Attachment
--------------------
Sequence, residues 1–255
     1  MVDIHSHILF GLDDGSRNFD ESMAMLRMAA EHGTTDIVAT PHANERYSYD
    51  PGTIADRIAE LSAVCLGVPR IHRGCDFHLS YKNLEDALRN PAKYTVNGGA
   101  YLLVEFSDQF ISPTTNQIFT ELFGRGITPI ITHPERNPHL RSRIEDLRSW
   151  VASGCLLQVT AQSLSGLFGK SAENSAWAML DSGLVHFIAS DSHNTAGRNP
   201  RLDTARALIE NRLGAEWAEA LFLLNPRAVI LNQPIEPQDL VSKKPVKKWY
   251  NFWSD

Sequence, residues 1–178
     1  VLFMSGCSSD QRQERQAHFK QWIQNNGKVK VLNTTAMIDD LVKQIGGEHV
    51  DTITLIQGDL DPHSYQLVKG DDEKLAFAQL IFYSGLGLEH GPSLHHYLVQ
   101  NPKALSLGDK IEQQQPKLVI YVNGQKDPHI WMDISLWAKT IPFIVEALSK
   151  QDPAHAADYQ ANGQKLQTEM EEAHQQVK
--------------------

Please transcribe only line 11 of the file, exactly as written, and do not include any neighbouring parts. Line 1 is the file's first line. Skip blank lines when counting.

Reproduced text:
   101  NPKALSLGDK IEQQQPKLVI YVNGQKDPHI WMDISLWAKT IPFIVEALSK